Wireless Emergency Alerts. Who’s in Charge?

Wireless Emergency Alerts (WEA) are 90-character text messages broadcast to mobile phones as part of FEMA’s IPAWS (Integrated Public Alert Warning System).  These alerts are meant to help keep people safe.  But who gets to send out these notifications?

This post summarizes key points from “Best Practices in Wireless Emergency Alerts”.

Only approved Alerting Authorities may send out WEA alerts.  At the county level, several agencies may be authorized to send out WEA’s depending on the nature of the emergency.  Becoming an Alerting Authority requires choosing a software provider (or writing your own), filling out some paperwork with FEMA, getting approval from your state, and completing the training.

Once approved, potentially any governmental agency can send out WEA messaging.  The fire department can send alerts about explosive fires, criminal activity alerts can be sent by the police department and extreme weather alerts can be sent by the emergency management agency. The types of messages sent and who sends them should be decided prior to an emergency taking place so procedures and protocols are set and followed.

Inter-agency and intra-agency communication is important.  Prior to a WEA being sent out, the personnel in charge of other communication methods such as the Emergency Management Agency’s (EMA) Twitter, Facebook, and webpage, as well as the 911 center, should be notified as well. These could be used to elaborate on the details of the emergency or to answer questions that the WEA can’t cover due to its 90-character limit. If a citizen who has received a WEA wants to learn more about what is happening, these platforms can provide useful information.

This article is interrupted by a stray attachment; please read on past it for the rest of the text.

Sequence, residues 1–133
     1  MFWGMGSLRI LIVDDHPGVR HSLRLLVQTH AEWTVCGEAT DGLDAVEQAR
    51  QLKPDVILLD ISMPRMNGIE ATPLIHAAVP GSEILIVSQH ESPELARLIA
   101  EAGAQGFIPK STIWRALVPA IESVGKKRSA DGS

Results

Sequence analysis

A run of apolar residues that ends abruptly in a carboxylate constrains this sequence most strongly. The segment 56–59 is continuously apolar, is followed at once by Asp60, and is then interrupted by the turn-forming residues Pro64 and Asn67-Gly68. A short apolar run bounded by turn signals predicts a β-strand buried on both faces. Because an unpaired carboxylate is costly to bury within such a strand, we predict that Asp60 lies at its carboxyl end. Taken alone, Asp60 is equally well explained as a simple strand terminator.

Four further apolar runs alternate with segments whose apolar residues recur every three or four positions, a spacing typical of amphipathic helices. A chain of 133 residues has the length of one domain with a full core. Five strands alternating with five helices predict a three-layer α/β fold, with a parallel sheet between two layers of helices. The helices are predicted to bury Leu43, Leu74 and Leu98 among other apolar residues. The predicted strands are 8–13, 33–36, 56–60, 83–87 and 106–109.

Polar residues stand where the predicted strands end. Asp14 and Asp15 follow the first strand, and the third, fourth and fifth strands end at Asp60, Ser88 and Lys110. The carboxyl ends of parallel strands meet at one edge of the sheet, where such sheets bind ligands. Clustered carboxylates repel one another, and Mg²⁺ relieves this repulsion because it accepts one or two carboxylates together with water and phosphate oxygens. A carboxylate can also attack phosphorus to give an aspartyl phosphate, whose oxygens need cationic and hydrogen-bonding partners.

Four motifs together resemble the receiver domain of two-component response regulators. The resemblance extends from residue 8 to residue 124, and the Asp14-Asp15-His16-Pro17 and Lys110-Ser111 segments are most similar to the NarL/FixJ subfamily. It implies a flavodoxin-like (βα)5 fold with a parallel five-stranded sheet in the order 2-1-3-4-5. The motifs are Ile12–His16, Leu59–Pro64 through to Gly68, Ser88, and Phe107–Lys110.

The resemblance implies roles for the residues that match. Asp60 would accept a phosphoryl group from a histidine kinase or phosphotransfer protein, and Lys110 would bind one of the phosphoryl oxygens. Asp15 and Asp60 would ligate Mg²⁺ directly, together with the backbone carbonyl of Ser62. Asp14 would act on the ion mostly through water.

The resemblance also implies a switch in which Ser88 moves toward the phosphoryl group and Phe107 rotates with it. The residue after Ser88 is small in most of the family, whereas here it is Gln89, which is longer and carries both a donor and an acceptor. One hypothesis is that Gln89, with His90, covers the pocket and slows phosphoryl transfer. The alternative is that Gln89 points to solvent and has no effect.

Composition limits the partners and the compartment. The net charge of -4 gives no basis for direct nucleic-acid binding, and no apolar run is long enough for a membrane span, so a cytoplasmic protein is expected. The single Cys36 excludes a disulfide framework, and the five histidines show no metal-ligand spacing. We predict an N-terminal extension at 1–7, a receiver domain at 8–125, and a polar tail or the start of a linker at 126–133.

In some cases, such as a wildfire or criminal on the run, the emergency may spread beyond an agency’s geographical jurisdiction. In this case, it is the responsibility of the agency to alert the agency in surrounding jurisdictions ASAP and – hopefully – before a WEA is sent out. Communication and coordination between these agencies is important and ensures that citizens of both jurisdictions are receiving the same, pertinent information.

When the WEA is sent, it is sent out by the agency that is best suited to, determined by a deliberate plan. Ideally, the WEA a citizen receives should be the product of a plan that has been mapped out well before the emergency takes place.

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